Langston, Research Methods Laboratory, Exercise 3 -- Writing Introduction Sections
For this exercise to work, you will need a copy of Weiss, J., Gilbert, K., Giordano, P., & Davis, S.F.  (1993).  Academic dishonesty, Type A behavior, and classroom orientation.  Bulletin of the Psychonomic Society, 31, 101-102.

My research question:
“What is the relationship between Type A personality, classroom orientation, and academic dishonesty?”
Definitions that may be of use to you:
Type A personality:  Symptoms:  chronically on edge, tend to talk rapidly, feel intense time urgency, preoccupied with responsibilities.  Also competitive, hostile, angry (Huffman, Vernoy, & Vernoy, 1997).
Type B personality:  Laid-back, calm, relaxed attitude towards life (Huffman, Vernoy, & Vernoy, 1997).
Classroom orientation:  Can be either learning (focus on education) or grade (focus on high marks) (Eison, 1981).
Step 1:
Write an opening paragraph for your experiment.  Here are the things you want to address.
Why the question is interesting (theoretical or practical)
What we can expect
Step 2:
Collecting literature and designing an experiment will go hand-in-hand.  But, in this case we'll go ahead and plan the experiment before we talk literature.  Work out the third part of your introduction section with the following parts.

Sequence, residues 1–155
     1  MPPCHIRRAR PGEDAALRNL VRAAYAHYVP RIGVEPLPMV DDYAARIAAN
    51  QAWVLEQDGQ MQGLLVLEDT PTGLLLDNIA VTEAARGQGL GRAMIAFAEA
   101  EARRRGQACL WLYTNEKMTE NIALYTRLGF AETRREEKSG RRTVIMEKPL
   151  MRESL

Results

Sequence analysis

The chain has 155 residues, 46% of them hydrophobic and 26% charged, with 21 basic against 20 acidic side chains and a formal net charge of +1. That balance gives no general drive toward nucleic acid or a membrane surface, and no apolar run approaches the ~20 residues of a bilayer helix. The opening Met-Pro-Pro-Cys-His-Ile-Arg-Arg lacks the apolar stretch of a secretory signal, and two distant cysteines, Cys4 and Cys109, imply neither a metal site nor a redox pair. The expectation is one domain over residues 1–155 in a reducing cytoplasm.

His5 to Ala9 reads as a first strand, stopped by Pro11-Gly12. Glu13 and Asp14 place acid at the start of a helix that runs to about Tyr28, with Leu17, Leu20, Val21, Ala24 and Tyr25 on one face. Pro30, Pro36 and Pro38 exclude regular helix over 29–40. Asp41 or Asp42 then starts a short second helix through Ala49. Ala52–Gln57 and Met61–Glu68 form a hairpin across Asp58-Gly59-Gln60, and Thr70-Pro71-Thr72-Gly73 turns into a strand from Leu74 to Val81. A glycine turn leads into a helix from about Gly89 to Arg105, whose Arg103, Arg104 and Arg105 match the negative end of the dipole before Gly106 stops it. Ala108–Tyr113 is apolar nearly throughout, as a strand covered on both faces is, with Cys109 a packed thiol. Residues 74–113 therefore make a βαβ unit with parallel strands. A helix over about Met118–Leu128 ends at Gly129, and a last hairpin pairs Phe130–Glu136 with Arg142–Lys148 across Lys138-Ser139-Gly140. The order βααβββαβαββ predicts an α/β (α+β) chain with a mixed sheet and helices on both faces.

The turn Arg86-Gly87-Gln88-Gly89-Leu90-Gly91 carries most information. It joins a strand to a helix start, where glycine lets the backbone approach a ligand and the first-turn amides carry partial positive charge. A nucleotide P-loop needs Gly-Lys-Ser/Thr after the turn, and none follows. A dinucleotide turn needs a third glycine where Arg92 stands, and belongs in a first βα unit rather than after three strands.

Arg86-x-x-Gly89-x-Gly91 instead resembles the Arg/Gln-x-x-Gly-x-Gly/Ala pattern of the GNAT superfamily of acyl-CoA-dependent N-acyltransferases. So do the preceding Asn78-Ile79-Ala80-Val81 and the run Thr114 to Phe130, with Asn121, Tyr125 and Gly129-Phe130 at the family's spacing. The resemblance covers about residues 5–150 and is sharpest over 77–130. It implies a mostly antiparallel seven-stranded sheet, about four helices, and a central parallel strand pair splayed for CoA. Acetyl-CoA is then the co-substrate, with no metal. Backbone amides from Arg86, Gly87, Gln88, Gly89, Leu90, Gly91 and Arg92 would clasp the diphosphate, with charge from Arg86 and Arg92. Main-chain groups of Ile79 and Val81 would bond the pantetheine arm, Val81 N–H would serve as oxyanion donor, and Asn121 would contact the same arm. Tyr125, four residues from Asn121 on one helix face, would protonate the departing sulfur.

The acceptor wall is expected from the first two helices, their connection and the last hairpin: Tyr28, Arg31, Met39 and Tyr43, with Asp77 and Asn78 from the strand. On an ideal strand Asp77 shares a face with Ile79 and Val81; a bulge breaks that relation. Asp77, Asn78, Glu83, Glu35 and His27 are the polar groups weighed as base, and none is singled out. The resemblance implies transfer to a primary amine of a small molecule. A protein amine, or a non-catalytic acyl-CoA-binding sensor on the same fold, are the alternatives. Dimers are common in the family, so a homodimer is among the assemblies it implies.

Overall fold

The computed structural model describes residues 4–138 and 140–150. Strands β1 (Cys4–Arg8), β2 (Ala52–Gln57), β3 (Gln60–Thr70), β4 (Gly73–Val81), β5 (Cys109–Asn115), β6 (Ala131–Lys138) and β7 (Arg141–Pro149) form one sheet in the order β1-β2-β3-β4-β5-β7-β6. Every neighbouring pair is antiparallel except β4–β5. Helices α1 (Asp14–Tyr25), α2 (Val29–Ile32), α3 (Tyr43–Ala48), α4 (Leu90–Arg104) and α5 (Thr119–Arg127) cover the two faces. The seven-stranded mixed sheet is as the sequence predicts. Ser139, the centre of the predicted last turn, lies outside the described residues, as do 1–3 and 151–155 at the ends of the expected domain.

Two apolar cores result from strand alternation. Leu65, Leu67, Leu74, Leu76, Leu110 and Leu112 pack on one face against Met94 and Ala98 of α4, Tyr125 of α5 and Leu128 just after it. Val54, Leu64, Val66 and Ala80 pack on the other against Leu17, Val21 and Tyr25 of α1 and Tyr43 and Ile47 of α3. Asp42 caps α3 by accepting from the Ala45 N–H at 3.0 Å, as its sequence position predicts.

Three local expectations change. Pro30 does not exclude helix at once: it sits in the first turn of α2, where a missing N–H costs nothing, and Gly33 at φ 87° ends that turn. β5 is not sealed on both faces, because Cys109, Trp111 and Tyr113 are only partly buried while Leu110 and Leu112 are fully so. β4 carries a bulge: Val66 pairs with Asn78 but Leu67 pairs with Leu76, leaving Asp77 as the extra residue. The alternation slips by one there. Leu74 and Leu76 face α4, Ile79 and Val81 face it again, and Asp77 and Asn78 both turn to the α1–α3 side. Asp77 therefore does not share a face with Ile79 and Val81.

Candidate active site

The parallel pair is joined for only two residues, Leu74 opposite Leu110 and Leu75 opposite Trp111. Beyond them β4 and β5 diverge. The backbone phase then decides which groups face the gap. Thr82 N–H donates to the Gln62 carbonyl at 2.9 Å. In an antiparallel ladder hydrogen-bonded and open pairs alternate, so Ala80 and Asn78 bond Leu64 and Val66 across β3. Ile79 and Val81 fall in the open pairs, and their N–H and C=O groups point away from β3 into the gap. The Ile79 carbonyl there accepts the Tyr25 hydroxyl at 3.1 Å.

Variables you manipulate
Variables you measure
Definitions of things (probably interleaved with variables)
Predictions about what will happen with this hypothesis and these variables
Step 3:
Pretend that these are the articles that you've collected in the library.  Arrange these into some sort of logical order and outline your introduction literature section.  Remember to follow the inverted triangle structure.  The literature part should build a bridge between the opening paragraph and the description of your experiment.
1.  Friedman & Rosenman (1971):  Definitions of Type A and Type B, plus some research on the personalities.
2.  Eison (1981):  Investigates classroom orientation and develops the two types.
3.  Singhal (1982):  68% of participants think people cheat to get a better grade (grade pressures lead to cheating).
4.  Heatherington & Feldman (1964):  Find a cheating rate of 82%.
5.  Davis, Grover, Becker, & McGregor (1992):  40-60% rate of cheating at large institutions.
6.  Keller (1976):  69% of participants think people cheat to get a better grade (grade pressures lead to cheating).
7.  Drake (1941):  Finds a cheating rate of 23%.  Stress and pressure for good grades lead to cheating.
Step 4:
Compare your work to Weiss, Gilbert, Giordano, & Davis (1993).

Research Methods Lab Exercise 3
Will Langston

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